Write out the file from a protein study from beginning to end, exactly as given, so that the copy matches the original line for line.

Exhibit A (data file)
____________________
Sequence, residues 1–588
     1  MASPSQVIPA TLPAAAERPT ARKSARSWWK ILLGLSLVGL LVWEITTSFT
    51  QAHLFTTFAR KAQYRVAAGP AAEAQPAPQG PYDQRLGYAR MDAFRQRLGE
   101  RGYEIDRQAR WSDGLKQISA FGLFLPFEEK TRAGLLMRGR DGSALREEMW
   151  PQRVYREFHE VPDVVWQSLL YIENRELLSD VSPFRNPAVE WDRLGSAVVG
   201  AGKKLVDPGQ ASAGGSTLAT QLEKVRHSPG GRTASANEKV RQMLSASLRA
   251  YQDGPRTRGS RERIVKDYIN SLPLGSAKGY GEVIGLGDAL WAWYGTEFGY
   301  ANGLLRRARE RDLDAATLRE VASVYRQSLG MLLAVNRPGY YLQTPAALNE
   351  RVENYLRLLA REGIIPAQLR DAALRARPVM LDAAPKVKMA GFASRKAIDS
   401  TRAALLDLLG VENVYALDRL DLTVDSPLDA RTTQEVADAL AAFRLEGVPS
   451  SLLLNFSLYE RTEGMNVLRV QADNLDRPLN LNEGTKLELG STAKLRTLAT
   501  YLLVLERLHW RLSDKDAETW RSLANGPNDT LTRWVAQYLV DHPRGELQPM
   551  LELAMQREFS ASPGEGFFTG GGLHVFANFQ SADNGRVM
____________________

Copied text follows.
Sequence, residues 1–588
     1  MASPSQVIPA TLPAAAERPT ARKSARSWWK ILLGLSLVGL LVWEITTSFT
    51  QAHLFTTFAR KAQYRVAAGP AAEAQPAPQG PYDQRLGYAR MDAFRQRLGE
   101  RGYEIDRQAR WSDGLKQISA FGLFLPFEEK TRAGLLMRGR DGSALREEMW
   151  PQRVYREFHE VPDVVWQSLL YIENRELLSD VSPFRNPAVE WDRLGSAVVG
   201  AGKKLVDPGQ ASAGGSTLAT QLEKVRHSPG GRTASANEKV RQMLSASLRA
   251  YQDGPRTRGS RERIVKDYIN SLPLGSAKGY GEVIGLGDAL WAWYGTEFGY
   301  ANGLLRRARE RDLDAATLRE VASVYRQSLG MLLAVNRPGY YLQTPAALNE
   351  RVENYLRLLA REGIIPAQLR DAALRARPVM LDAAPKVKMA GFASRKAIDS
   401  TRAALLDLLG VENVYALDRL DLTVDSPLDA RTTQEVADAL AAFRLEGVPS
   451  SLLLNFSLYE RTEGMNVLRV QADNLDRPLN LNEGTKLELG STAKLRTLAT
   501  YLLVLERLHW RLSDKDAETW RSLANGPNDT LTRWVAQYLV DHPRGELQPM
   551  LELAMQREFS ASPGEGFFTG GGLHVFANFQ SADNGRVM